It only took about an hour for the headache to kick in. In committing to the Food Stamp Challenge (eating and drinking for one week on a budget of $31.50, or $1.50 per meal), I thought I had planned out my allotment accordingly. What I had failed to account for in my frugal budget – which omitted all beverages aside from water and milk – was my caffeine addiction. Lesson One of the challenge duly noted.

Lesson Two emerged quickly when I came to realize how undisciplined I often am with my meals…a problematic tendency when there was no extra money for snacks. And if there is one thing a restricted budget requires, it is self-discipline. This challenge was unfortunately – and rapidly – highlighting a number of personal weaknesses, but that was hardly the intended point.

The point was to think bigger. And once I resumed my regular caffeine intake again on Day 2 (at a cost of 40 cents a day, which I offset with reduced breakfasts), I did think. Clearly this budget would get me through the week. Would I eat more if more was available? Sure. But we covered that already in the section on lack of self-discipline, above. Rather, Lesson Three was that as eye-opening as the challenge was (i.e. the $1.50 bottle of water I saw advertised in a vending machine was put into a whole new perspective), in many ways, it was actually way too easy.

Why? Because it’s clear that hunger does not exist in isolation. If you don’t have enough money for food, you probably don’t have enough money for a number of other things. Families that receive food stamps, now known as the Supplemental Nutrition Assistance Program (SNAP), are by definition living on very low incomes, meaning they are also likely eligible for – though not always receiving (an important distinction) – other forms of support.

I undertook this challenge with my rent, transportation, electricity, and phone already paid off. I did not have to consider which household bill might be more of a priority this month; there were no other trade-offs to make. I also only had to worry about holding myself to a disciplined budget and diet, whereas if I had children, many of my spending decisions would undoubtedly have had to be reconsidered – particularly since the challenge week encompassed Halloween weekend. Yet for too many American families who should have access to the broader safety net, there are too many instances where SNAP is the only support keeping them going. That should not be.

The best part about SNAP is that its design allows it to actually work. In 2010, 46.2 million people lived below the poverty line – for a family of four, roughly $22,000 a year or less. SNAP helped 45.8 million people, including over 20 million children, who otherwise may have gone without, put food on the table each week. Unfortunately, this impressive responsiveness to need is an anomaly within the US safety net much of the time. Despite the continuing recession, our nation’s primary cash assistance program, Temporary Assistance to Needy Families (TANF), served only 4.5 million people last year – reaching less than 10 percent of all Americans living in poverty. Federal housing assistance serves only a quarter of eligible households. Only 1 in 6 eligible children receives child care assistance, to the serious detriment of parents trying to maintain stable employment.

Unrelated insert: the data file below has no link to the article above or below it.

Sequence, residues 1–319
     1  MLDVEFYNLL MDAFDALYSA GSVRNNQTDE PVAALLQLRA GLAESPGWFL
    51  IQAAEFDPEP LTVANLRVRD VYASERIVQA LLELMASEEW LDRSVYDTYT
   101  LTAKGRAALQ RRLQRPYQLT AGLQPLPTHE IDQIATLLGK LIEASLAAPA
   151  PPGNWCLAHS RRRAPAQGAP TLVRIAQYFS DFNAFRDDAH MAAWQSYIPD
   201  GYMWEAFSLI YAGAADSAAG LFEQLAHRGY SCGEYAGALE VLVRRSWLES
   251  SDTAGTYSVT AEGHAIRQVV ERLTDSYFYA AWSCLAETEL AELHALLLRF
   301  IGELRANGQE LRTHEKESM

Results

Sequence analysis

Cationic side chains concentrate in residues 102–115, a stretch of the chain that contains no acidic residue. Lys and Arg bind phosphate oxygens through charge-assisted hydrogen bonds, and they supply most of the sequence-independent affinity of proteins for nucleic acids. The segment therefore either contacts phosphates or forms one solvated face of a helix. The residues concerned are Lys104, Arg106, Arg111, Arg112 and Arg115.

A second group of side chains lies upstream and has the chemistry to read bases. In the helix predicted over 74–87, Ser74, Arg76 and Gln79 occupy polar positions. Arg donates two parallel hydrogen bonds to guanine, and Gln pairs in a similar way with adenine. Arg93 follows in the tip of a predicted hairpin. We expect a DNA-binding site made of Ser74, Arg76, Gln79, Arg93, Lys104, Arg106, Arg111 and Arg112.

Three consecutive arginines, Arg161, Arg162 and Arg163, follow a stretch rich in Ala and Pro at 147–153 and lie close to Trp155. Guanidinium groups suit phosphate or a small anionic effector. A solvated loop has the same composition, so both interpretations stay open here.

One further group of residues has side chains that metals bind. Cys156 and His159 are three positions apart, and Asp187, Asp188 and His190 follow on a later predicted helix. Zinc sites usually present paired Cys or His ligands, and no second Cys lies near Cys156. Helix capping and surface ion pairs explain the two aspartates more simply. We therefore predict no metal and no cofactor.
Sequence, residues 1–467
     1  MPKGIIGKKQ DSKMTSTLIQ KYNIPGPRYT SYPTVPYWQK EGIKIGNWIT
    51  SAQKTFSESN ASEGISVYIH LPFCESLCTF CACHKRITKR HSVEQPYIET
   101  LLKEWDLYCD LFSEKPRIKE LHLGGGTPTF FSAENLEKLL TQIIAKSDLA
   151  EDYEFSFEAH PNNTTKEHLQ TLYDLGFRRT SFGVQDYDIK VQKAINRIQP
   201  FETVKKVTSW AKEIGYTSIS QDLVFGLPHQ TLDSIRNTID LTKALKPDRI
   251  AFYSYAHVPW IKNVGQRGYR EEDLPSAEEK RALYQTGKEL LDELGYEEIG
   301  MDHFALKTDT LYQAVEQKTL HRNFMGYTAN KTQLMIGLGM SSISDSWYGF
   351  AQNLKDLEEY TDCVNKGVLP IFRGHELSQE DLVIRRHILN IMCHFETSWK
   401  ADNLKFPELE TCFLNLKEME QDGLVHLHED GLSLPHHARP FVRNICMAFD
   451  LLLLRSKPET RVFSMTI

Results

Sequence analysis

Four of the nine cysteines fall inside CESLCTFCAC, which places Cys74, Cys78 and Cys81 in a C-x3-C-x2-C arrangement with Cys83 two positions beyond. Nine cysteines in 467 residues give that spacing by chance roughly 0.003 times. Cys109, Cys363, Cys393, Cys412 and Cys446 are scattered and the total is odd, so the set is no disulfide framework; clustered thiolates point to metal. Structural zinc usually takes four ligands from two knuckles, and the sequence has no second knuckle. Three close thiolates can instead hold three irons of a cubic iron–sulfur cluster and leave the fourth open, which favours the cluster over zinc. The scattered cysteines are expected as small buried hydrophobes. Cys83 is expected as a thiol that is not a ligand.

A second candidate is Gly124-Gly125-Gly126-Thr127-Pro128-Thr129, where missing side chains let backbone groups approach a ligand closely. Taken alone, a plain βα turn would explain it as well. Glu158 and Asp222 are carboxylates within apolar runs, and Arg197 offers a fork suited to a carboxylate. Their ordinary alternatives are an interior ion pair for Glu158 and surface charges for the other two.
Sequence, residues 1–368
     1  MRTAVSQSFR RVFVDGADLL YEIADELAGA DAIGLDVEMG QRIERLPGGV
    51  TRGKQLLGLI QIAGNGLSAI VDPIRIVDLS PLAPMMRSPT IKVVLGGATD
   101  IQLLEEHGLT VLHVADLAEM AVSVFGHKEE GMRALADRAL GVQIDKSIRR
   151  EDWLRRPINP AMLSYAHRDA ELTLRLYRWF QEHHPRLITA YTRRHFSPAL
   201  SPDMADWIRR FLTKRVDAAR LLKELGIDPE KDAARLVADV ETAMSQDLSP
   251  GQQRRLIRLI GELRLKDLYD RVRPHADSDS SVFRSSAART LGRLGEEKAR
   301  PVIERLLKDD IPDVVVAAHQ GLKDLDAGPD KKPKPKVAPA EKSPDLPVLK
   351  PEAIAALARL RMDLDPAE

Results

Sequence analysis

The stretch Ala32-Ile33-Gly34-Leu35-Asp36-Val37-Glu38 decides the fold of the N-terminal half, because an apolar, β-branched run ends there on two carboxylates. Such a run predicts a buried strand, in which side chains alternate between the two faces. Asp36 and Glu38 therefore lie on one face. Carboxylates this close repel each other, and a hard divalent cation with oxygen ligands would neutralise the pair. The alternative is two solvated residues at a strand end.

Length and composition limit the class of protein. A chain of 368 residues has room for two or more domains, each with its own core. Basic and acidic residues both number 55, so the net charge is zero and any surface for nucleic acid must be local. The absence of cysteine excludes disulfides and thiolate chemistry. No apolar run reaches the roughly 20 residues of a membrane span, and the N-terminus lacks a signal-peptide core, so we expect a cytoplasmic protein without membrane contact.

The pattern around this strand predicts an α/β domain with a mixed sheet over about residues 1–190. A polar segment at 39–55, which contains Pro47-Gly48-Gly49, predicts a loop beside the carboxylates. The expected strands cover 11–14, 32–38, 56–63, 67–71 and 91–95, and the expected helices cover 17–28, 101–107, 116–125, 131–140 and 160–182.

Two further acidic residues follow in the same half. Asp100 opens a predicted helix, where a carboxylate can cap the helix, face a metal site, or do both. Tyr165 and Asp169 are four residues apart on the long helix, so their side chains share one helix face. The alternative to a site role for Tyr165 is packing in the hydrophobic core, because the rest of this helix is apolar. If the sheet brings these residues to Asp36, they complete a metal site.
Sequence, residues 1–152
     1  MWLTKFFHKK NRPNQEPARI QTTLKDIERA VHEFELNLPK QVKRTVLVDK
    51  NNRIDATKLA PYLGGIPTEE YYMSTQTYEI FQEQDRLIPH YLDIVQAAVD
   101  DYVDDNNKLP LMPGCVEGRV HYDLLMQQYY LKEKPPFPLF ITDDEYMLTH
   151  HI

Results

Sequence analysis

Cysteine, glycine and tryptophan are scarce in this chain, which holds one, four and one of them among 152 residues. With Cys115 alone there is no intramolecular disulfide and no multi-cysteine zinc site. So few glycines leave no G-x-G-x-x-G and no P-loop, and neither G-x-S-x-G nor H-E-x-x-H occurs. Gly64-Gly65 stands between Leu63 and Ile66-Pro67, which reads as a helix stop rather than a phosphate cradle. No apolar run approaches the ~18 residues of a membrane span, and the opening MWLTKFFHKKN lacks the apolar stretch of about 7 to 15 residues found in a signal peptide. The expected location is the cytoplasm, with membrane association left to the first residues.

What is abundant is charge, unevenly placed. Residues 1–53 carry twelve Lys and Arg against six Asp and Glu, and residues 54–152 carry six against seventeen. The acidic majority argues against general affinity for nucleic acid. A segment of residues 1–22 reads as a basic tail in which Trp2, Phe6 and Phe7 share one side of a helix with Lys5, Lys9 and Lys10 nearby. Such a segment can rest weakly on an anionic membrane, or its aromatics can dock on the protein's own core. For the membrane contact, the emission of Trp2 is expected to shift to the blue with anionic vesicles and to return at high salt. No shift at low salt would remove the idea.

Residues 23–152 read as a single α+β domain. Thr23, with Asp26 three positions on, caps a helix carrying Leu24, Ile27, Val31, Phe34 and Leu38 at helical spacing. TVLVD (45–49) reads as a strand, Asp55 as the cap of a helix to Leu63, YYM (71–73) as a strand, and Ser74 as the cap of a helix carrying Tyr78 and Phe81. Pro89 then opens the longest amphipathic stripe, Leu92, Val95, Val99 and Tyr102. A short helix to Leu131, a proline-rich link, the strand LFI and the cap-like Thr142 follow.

As a result and all too often, SNAP ends up as the primary support for families – a situation that not only was never intended, but one that ultimately leads to a blunting of SNAP’s positive effects. As my colleague pointed out in an earlier piece, an unstable housing situation (and lack of access to housing assistance) may mean a family cannot utilize their SNAP benefits because they simply have no place to cook. Ultimately, child well-being suffers.

To those who seek to scale-back SNAP’s support to families in the context of the current budget debate, with arguments that (at $1.50 per meal) it offers too much, it is worth taking a moment to consider the pieces of our safety net that offer our low-wage families and their children not nearly enough.
For More Information:
“Food for Thought: First Focus Takes on the Food Stamp Challenge”

“Food for Thought: Food Stamp Challenge Helped Me Empathize With Homeless Families and Individuals”

First Focus Resources –

“Living on the Edge: America’s Low-Earning Families”;
“First Focus Policy Recommendations: Food Security”;
“Children of Immigrants and Nutrition Supports”;
“Cutting Spending for Children Will Not Fix Our Budget Problems”.

Additional Resources –

Feeding America’s Map the Meal Gap

US Department of Agriculture’s SNAP Information Center